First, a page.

Converting to Judaism

The Oys and Joys of Choosing A Jewish Life

Jeremiah’s Got a MEGAPHONE

on March 14, 2014

Every other Wednesday at Hofstra Hillel, we have a learning session on social justice in Judaism led by Micah, a student at the Yeshiva University, Mechon Hadar.

Tonight’s discussion was filled with delicious hamantaschen, lively conversation, and the importance of tochechah: rebuke.

After sharing stories of times when each of us was called out, we focused on Leviticus 19:17, which says “You shall not hate your kinfolk in your heart. Rebuke your kinsman and/but incur no guilt because of him.”

This verse from Leviticus asks us not  to stand by while someone else commits a crime because it is our duty to rebuke him. The Talmud tells us that “Whoever can prevent his household from a sin but does not, is responsible for the sins of his household; if [he can prevent] his fellow citizens, he is responsible for the sins of his fellow citizens; if [he can prevent] the whole world, he is responsible for the sings of the whole world” (Babylonian Talmud Shabbat 54b-55a).

This passage filled me with questions. When are we responsible to rebuke other people? How do we know when we can make a difference? Am I doing enough?

We had plenty of ideas. First, “can” implies that the action is only necessary if we know it will result in an impact or change. If we have power, then we are responsible, and the amount of power is equal to the responsibility. One might argue that by being responsible for a single person, we have the power to change the world, since that person can go on to change his entire life and the lives of others. However, I like to see it in levels: take care of your household, if you can, then take care of the community, then move on to the world. Of course, if you are a world leader with the power to influence many, you might influence the world while neglecting to take responsibility of your household.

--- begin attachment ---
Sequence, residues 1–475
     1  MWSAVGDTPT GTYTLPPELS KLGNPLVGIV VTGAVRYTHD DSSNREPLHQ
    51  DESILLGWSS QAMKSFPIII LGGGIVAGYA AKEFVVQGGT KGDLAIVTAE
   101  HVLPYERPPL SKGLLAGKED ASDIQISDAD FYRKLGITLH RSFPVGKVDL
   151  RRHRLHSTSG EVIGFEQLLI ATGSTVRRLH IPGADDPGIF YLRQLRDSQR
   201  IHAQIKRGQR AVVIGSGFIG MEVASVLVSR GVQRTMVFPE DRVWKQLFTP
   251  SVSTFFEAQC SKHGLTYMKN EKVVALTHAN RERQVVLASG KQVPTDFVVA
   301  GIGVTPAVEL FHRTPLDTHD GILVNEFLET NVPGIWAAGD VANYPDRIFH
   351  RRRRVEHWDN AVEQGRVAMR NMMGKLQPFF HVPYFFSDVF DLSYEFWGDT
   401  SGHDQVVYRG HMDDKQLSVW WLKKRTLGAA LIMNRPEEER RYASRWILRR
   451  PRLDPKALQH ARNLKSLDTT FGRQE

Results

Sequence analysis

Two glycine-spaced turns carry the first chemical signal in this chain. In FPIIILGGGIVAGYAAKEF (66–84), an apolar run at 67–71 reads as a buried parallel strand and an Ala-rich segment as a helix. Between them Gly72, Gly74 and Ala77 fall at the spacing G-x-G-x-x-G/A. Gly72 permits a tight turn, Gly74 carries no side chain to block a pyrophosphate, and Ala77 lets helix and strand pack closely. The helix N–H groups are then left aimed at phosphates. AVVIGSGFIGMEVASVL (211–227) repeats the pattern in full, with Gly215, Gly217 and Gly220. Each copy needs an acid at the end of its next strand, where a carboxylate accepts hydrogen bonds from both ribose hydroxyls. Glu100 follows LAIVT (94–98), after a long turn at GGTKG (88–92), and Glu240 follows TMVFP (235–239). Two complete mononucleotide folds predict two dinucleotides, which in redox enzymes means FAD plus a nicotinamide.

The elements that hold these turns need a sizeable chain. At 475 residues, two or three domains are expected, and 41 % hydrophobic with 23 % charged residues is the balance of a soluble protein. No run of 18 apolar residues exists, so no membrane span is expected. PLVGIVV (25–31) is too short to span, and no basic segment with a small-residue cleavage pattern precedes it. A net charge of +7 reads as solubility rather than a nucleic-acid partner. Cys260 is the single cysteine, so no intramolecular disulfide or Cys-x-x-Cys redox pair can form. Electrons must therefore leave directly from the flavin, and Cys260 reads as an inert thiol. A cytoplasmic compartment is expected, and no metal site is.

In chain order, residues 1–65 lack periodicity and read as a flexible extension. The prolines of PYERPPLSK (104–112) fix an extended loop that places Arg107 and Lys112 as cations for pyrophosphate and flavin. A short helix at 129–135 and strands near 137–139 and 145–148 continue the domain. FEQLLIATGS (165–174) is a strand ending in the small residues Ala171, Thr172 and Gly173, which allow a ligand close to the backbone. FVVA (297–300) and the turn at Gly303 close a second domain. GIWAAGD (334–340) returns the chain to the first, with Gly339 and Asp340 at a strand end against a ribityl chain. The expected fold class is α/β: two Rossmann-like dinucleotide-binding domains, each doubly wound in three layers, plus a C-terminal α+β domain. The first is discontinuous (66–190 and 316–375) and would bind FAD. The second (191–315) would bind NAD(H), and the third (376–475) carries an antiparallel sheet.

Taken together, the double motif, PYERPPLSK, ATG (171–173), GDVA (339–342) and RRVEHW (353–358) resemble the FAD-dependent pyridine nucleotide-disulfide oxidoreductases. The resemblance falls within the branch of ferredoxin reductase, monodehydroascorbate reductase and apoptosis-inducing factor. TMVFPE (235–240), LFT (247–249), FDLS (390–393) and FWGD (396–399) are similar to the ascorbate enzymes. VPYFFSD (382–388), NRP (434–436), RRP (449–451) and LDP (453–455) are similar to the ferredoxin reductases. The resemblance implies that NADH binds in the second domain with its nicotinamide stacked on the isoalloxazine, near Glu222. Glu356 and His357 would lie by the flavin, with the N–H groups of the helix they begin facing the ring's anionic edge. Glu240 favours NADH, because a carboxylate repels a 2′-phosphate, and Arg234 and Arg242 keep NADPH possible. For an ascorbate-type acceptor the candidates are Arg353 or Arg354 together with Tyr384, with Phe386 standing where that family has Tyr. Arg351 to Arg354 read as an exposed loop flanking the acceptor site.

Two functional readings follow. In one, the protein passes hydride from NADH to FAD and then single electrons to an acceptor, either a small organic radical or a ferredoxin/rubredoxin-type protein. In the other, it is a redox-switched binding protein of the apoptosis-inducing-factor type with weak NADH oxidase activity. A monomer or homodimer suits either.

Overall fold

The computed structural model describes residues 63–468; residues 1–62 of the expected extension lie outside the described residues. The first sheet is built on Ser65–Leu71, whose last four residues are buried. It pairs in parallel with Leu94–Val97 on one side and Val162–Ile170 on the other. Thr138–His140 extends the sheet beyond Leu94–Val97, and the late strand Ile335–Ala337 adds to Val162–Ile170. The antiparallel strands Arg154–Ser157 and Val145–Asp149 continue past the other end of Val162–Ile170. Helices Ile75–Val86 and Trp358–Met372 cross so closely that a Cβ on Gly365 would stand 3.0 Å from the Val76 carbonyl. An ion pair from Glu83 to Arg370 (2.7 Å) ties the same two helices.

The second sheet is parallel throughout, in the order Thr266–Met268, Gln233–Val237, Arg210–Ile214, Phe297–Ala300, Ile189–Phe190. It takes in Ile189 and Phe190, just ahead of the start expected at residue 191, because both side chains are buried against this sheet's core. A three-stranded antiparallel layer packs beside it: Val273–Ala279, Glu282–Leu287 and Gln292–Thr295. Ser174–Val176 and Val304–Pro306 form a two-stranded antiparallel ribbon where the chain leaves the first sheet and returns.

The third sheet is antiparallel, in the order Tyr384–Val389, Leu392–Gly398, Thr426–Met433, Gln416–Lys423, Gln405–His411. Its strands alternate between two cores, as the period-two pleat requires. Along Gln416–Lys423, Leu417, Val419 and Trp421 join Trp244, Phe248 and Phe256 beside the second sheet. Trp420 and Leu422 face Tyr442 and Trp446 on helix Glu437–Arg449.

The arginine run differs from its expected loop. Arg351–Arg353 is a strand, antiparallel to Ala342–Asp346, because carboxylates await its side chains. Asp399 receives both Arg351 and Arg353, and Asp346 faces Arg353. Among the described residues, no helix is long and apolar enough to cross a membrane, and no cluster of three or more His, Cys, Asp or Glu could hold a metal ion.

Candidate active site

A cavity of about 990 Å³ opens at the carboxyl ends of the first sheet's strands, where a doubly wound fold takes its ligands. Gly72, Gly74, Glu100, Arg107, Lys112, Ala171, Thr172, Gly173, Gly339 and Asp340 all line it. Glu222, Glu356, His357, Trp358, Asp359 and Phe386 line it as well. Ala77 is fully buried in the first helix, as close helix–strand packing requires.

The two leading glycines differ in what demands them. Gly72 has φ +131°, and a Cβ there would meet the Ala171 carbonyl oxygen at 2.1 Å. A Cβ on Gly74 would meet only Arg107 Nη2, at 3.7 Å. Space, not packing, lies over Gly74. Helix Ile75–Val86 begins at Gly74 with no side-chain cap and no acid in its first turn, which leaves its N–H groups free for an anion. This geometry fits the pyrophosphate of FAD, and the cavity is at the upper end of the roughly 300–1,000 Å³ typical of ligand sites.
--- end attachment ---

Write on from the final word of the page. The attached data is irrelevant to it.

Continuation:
In reproving our kinsman, we take responsibility for him and his actions. If we truly care about people, we will rebuke them in a gentle, loving, and kind manner, as Maimonides advises in Mishneh Torah, Hilchot Dayot (Ch. 5:7). We do not need to make a public spectacle, but if we approach our kinsmen in the right way, with loving intent, our advice can change their lives and bring them one step closer to paradise.

Towards the end of our discussion, we talked about prophets. And let me tell you, they were masters of giving and receiving rebuke. One minute they’d be advocating repentance; the next, they’d be run out of town for their words. They would stop at nothing to correct the flaws in society because they felt it was their responsibility to do so.

Should we all become prophets then, publicly denouncing the wrong in this world and taking on the responsibility to correct it? If Jeremiah had a megaphone today, what would he say? We all have the power to become prophets, which means we carry on their responsibility. We are responsible for the actions of those we can influence, and if we learn to give and receive rebuke, we begin to lessen the corruption in society.


Leave a Reply

Fill in your details below or click an icon to log in: Logo

You are commenting using your account. Log Out /  Change )

Google+ photo

You are commenting using your Google+ account. Log Out /  Change )

Twitter picture

You are commenting using your Twitter account. Log Out /  Change )

Facebook photo

You are commenting using your Facebook account. Log Out /  Change )

Connecting to %s

%d bloggers like this: